Month: September 2006

Walt Disney Concert Hall at night

Walt Disney Concert Hall at night

Los Angeles, California. While downtown to see Doubt I strolled down the block to see Frank Gehry’s Walt Disney Concert Hall, home of the LA Philharmonic. The night lighting on the stainless steel skin of this amazing building was striking but there still wasn’t a lot of light for handheld photography. I shot anyway and figured I’d get nothing but this image, while not all that sharp gives you a good sense of the drama of the building.

Doubt at the Los Angeles Music Center

Doubt at the Los Angeles Music Center

Los Angeles, California. Last night my mother and I went to see Doubt at the Ahmanson Theater at the LA Music Center. She can’t drive at night or on the freeway anymore (she’s 91) so she hadn’t been to the Music Center in a while.

We got there early and the entire plaza that houses the three theaters was alive with people eating, drinking, and dancing to big band music. The weather was great and the light was fantastic.

Just to orient those of you who have not been to this place, ahead of me is the Dorothy Chandler Pavilion where the LA Opera performs. The round building I’m standing next to is the Mark Taper Forum, a small, intimate theater (Doubt would be been better in this smaller venue) and behind me, out of view is the Ahmanson Theater, a relatively large theater where we saw Doubt.

My mother pushed my wife and me to go see Doubt in New York but we never made the time (and tickets were hard to get). So, she took matters into her own hands and pulled/pushed me to go on this visit and I’m delighted that she did. Doubt is, without a doubt, one of the best plays I’ve seen in my life (I’ve seen many and I’m not young). It is superb in every possible way. The playwright, John Patrick Shanley has written the most amazing script (he wrote the screenplay for Moonstruck, one of my favorite movies among other plays and screenplays), and the cast is incredible. Cherry Jones, Chris McGarry, Lisa Joyce, and Adriane Lenox are all outstanding. This play and its actors have received numerous awards and they are well deserved. The staging, the lighting, the entire experience was first rate.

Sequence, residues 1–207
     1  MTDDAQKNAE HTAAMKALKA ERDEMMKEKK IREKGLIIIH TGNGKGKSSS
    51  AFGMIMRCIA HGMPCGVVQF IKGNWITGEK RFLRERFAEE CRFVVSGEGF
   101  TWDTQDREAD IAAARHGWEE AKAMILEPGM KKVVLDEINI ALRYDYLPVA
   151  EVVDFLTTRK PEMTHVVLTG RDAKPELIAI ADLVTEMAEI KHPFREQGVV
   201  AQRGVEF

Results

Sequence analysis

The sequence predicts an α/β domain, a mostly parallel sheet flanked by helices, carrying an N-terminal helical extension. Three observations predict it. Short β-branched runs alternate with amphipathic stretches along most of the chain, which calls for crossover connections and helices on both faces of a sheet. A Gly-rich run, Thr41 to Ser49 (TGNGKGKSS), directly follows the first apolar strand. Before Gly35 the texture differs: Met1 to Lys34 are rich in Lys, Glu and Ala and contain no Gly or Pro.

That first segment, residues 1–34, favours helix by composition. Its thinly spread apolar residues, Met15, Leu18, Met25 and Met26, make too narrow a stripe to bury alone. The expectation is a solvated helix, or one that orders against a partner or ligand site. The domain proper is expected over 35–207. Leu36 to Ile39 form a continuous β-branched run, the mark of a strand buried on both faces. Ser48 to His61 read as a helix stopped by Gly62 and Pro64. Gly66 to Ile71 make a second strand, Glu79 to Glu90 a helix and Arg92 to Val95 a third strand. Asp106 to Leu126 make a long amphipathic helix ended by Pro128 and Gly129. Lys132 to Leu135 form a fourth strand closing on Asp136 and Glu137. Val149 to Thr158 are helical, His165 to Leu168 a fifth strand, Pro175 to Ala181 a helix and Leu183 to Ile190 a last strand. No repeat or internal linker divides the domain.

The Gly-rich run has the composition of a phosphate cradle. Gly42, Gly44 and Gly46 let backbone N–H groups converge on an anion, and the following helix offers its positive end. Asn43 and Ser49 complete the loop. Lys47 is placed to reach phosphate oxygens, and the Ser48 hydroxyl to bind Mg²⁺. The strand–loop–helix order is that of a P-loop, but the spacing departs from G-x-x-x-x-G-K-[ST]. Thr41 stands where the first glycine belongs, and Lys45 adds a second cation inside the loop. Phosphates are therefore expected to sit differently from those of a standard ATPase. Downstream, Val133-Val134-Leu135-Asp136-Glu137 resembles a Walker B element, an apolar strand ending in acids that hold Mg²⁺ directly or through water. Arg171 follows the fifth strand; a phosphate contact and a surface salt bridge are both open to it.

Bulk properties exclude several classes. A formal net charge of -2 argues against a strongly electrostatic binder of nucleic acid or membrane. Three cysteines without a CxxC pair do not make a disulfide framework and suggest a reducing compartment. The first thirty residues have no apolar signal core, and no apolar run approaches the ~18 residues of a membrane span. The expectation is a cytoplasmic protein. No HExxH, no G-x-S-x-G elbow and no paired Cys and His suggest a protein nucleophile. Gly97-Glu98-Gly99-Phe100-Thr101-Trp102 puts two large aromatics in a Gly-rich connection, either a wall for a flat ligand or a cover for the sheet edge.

For those of you who don’t do much theater, I must tell you, there is nothing like live performance. I’m a movie-a-holic but theater is different and when you combine a script like Doubt and actors like these you’re in for a mind-blow beyond words.

Perpetual Sunset

Perpetual Sunset

Above The Great Lakes. The great thing about taking off from the east coast at 5:30 pm and flying west is that you’re flying into the sunset which means you get to follow it for a while. Here we’re flying at 38,000 feet and there are numerous layers of clouds, each different and each showing the sunset in different ways.

Tomatoes in Colander

Tomatoes in Colander

Warren, Connecticut. After a summer of rain and odd weather where we thought our garden would be a failure it is now pumping out tomatoes of all kinds daily. There are only so many fresh tomatoes we want to eat so when we’re overrun we peel them and cook them down into sauce and freeze it. There’s nothing better to bring back a thought of summer in the depths of winter than the smell and taste of fresh frozen tomato sauce on pasta.

Sunrise in the Valley

Sunrise in the Valley

Warren, Connecticut. Most clear mornings the corn field across the road, which is now completely harvested, creates ground fog which slowly burns off as the sun comes up and warms the air. By the time I got dressed and ran across the road with camera and tripod it was almost too late and I was bummed. However, even though the bulk of the fog had burned off by the time I shot this there was still enough in the far “wrinkles” of the valley to make things interesting.

Canon 5D, Canon 24-70 f/2.8 L at 67mm, ISO 100, f/11.3 at 1/100th of a second. Tripod. Sepia.

Our place

Our place